While defendant was waiting for other officers to arrive, plaintiff exited the VA after a patient visit and approached the car. Defendant asked plaintiff to show his hands, and plaintiff identified himself and stated that he owned the car in question.*fn3 Defendant then instructed plaintiff to place his hands on the trunk of the car, to remain quiet, and not to move. Once other officers arrived at the scene, defendant confiscated one unused and one burnt marijuana cigar along with one opened and two unopened bottles of an alcoholic beverage labeled "twisted tea hard iced tea." Plaintiff and his brother-in-law were then escorted to the VA Police Office for further information and processing. At the Police Office, plaintiff's brother-in-law admitted to having additional marijuana on his person. Defendant issued violation notices to both plaintiff and his brother-in-law, charging them with violations of 38 C.F.R. § 1.218(b)(17--18). Plaintiff's brother-in-law eventually pled guilty to a charge of possession of alcohol and an open container and was fined $35. The docket is not clear as to the ultimate disposition of plaintiff's charges, though plaintiff's complaint suggests that all charges against him were dismissed.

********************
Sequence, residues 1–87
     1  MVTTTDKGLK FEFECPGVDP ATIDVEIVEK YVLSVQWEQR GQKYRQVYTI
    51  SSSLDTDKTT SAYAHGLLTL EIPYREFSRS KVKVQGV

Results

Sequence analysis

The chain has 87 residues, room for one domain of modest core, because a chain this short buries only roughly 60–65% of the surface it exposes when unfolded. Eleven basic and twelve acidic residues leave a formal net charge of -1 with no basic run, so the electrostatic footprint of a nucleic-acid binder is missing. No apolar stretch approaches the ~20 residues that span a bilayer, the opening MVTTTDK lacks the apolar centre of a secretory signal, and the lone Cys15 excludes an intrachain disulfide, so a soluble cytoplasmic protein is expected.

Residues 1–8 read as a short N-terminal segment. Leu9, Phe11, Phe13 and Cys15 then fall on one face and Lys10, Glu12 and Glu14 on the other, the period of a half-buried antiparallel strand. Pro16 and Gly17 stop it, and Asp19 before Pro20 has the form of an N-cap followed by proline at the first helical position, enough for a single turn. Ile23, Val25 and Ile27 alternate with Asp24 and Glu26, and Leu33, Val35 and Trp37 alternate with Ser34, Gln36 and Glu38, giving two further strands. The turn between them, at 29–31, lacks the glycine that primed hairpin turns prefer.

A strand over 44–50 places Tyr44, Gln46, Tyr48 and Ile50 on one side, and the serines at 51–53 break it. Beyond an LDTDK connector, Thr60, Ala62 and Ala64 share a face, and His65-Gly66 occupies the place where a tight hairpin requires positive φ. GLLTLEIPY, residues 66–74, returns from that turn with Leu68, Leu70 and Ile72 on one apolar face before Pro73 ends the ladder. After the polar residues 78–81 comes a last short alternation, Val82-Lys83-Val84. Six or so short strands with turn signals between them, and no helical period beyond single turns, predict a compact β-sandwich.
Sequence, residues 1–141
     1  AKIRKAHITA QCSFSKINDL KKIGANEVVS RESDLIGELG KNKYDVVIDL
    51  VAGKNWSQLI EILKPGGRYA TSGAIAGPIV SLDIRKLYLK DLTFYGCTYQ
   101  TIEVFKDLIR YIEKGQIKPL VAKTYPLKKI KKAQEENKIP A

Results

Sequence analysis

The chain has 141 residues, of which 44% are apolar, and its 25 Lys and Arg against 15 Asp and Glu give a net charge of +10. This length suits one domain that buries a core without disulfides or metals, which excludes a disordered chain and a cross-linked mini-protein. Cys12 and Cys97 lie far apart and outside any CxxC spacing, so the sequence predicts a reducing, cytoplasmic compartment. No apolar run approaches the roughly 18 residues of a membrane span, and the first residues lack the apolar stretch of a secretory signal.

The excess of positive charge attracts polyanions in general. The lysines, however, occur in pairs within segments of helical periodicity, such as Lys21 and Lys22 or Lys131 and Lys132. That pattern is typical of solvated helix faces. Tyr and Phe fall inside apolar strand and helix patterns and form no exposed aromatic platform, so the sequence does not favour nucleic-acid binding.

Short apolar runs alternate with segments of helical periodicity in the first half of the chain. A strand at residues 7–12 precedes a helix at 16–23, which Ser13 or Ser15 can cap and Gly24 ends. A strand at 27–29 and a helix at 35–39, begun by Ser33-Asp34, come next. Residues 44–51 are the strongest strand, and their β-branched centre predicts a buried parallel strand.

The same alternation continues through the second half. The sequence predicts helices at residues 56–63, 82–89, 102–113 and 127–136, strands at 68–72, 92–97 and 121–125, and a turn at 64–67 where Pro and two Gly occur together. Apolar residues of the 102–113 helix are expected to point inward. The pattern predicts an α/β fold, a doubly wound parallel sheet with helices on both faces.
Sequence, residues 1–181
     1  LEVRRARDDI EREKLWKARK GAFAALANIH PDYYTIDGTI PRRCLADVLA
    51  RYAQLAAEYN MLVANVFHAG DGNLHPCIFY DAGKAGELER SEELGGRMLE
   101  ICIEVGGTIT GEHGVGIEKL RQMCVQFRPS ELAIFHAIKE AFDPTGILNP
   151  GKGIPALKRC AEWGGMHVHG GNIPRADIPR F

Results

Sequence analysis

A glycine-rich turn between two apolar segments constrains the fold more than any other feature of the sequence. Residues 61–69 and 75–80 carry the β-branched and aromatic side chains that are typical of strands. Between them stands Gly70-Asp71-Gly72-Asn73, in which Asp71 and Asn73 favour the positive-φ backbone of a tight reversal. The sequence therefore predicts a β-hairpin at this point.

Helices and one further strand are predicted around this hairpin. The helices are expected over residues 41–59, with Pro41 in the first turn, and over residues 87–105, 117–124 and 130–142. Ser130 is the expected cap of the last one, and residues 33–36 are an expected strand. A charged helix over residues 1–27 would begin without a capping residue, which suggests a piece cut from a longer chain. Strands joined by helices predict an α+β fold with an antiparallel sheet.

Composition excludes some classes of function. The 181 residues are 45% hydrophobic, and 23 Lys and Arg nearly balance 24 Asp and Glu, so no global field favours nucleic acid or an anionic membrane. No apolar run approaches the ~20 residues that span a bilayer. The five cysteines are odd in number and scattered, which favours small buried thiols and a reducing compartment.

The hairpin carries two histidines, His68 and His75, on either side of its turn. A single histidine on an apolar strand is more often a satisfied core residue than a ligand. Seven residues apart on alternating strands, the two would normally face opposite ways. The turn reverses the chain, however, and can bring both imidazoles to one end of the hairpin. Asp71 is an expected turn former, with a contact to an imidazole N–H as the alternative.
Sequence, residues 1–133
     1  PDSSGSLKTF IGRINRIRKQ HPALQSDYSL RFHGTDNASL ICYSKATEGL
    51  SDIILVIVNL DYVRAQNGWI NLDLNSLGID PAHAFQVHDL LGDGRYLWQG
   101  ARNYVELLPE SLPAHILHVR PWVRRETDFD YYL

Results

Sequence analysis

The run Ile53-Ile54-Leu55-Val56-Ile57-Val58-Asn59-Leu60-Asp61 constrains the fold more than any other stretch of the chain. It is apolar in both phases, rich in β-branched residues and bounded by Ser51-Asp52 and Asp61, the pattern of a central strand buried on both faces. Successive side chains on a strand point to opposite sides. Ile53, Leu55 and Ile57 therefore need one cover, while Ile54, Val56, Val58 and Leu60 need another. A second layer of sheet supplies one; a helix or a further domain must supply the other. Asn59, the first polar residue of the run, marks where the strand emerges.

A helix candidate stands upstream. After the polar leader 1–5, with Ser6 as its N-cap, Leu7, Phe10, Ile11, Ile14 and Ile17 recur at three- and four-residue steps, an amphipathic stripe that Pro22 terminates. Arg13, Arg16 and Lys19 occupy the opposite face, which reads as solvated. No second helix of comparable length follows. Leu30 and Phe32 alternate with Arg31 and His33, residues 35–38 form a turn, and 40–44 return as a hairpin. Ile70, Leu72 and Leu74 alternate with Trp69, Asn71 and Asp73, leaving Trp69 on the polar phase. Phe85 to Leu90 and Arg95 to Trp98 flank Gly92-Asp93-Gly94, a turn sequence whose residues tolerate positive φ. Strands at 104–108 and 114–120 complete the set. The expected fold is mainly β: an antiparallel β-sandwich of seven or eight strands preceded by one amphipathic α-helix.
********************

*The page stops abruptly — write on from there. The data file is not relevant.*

As noted above, plaintiff commenced this case by filing a form complaint on August 5, 2008. In the complaint, plaintiff stated that the basis of jurisdiction in this Court is "unlawful arrest (no probable cause)." Plaintiff wrote that the nature of the suit is "I don't know I request the presiding judge to decide unlawful arrest [sic]." The complaint contained one claim for unlawful arrest, alleging that defendant "charged me / made me go to court for no reason (more than once)."

Through a prior Order of November 6, 2008, the Court construed the claim in plaintiff's complaint as a claim for damages related to a Fourth Amendment violation, pursuant to Bivens v. Six Unknown Named Agents of Federal Bureau of Narcotics, 403 U.S. 388 (1971).

In requesting dismissal of this case, defendant argues that plaintiff has pled no facts that, if construed as true, would make plausible the assertion that defendant lacked probable cause. Defendant argues further that plaintiff's assertion of false arrest, without any alleged factual foundation, is only a legal conclusion that cannot be assumed to be true for purposes of the motion to dismiss. Finally, defendant asserts that he had probable cause to arrest defendant based on the circumstances that he observed on April 28, 2008, including his direct observation of contraband on VA property and plaintiff's admission that he owned the car in which defendant observed the contraband.